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Tuesday, January 25, 2011


Venture Finance - Reality vs. Rumors with Dick Brown

You’ve decided to become a successful entrepreneur and you think you’ve found the perfect vehicle for your first success … a new, revolutionary product.

You’ve spent months preparing and doing everything I’ve suggested in these columns … as well as absorbing the sage advice gleaned from other sources. You now believe you’re ready for “the big push in the real world” – actually trying to raise the money you need.

You’re at a whole new summit of your experiences. You gather all your paperwork, curl your toes over the edge of the precipice … and, you’re almost prepared to jump. But, wait a second … have you really thought of everything?

Clearly, the answer has to be “no”, since you’re new at this (and human) and can’t be expected to have thought of every tiny detail.

But, have you overlooked a “Biggie”?

I can tell you a secret. There’s at least one thing you’ve ignored … and, it’s the same thing that causes most new ventures “infant mortality”. It’s a small step and costs a couple of bucks, but it will buy you some insurance against premature failure while still in the crib.

No experienced investor has yet reviewed your Executive Summary or BP.

You have been cautious enough to have people review your documents for Basic English problems. Beside your team, two members of your family read through it and made comments (your younger sister thought it was “boring”) and you’re made corrections. However, no one with business management experience or a real professional investor has opened the pages.

Let’s assume you do the rational, prudent thing and hire someone with credentials to perform a review. You also should issue the following instructions: “I want you to ‘become’ an older, experienced investor that’s been through many cycles, up and down. You’ve been told of my new venture and I have piqued your interest. Now you have all my documents to read and to come to judgment as to whether you’d write a check. I want your brutally honest assessment, and, in writing.”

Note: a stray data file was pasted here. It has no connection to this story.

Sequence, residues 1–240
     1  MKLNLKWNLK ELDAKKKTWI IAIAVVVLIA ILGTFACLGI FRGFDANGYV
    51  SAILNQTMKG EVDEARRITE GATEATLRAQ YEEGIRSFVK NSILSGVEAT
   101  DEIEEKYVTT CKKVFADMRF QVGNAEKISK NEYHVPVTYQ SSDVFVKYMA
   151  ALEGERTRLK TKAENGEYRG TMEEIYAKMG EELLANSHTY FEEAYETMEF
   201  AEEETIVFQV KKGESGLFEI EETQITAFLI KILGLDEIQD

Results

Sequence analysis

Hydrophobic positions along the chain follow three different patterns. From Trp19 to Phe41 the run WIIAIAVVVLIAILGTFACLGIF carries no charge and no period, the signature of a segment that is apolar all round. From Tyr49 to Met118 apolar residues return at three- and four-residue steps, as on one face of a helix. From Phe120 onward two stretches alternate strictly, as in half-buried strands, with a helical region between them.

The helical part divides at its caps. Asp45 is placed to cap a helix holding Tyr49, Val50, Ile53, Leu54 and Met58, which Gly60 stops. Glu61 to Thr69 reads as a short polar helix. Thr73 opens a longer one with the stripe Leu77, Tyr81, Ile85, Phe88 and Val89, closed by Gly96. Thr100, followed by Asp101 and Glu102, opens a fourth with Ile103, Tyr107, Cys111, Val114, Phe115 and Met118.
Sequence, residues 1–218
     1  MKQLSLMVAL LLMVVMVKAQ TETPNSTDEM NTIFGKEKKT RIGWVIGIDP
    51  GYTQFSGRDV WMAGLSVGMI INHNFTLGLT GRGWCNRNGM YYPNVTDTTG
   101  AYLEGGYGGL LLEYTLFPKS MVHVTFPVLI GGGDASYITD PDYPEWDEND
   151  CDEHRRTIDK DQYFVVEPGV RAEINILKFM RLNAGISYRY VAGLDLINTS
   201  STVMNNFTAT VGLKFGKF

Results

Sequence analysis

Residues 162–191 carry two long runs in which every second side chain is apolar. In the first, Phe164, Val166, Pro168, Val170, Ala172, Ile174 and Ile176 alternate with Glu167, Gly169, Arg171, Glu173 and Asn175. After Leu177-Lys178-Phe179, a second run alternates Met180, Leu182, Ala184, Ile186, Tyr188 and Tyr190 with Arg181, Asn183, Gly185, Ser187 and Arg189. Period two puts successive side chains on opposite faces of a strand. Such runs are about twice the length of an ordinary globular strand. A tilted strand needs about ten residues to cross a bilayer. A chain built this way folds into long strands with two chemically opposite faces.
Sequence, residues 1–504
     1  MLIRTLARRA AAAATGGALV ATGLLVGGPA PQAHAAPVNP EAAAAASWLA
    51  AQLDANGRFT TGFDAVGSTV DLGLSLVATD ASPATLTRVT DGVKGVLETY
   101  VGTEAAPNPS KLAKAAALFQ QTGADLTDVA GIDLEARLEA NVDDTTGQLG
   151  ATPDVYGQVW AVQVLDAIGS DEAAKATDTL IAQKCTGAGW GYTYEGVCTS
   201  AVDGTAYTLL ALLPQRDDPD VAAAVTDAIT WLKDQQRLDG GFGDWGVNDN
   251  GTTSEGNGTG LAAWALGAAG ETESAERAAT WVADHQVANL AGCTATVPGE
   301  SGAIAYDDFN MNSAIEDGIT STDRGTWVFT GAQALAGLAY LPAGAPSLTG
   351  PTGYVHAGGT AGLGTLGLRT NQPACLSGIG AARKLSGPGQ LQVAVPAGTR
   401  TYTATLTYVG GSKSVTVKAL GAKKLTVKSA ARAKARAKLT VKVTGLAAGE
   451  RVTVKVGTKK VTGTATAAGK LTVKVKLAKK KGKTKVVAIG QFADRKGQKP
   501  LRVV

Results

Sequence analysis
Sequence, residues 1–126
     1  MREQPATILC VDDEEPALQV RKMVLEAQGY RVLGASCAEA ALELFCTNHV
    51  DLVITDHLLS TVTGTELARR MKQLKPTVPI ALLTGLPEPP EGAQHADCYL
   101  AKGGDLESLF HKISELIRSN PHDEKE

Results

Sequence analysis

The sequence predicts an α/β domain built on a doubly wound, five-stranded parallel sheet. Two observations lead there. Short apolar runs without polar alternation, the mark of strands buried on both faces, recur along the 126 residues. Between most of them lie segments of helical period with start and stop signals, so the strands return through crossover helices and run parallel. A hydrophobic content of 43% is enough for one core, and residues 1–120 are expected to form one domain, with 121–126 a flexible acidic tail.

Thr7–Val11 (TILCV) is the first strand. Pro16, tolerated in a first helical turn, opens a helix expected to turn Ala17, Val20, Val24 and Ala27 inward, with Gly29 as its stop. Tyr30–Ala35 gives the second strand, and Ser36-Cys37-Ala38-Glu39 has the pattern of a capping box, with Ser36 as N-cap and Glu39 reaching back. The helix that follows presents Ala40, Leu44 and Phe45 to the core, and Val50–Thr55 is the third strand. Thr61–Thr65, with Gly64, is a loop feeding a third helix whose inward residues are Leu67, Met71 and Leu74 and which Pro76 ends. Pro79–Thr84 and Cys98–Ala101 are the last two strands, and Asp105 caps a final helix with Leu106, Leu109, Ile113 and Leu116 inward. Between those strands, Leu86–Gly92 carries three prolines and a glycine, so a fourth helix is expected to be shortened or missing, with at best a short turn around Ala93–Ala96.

It so happens that you pick me, Dick Brown, (or someone with similar experience and background) for the assignment. Someone told you I sometimes take Clients and help them raise money, but that I first make them “jump through hoops” to prove their venture is well-conceived and viable, so I sounded perfect for you.

Many of the flaws that may exist in your plan are unique to the products and markets that are specific to the plan and will require my detailed reading and analysis of all sections. However, there are common holes in what most people would consider “professional” Executive Summaries and Business Plans. Here are just a few of the things I usually find.

Executive Summary
First, I get a pleasant surprise that you’ve used a PowerPoint model in place of the traditional MS/Word format. This is becoming more popular and conforms to the design goal that “anything you can do to make the documents more friendly and entertaining, the more your reader will appreciate and absorb.”

However the ES is a tad long and by the time I reach the end, you’ve missed the mark. (First problem – an ES should be only one page and a maximum of two. If two pages, there must be a picture, graph or other artwork, in color. Your ES is 3 ½ pages.)

The purpose of any ES is to:
  1. Catch the attention of the reader,

  2. Whet the appetite to want more,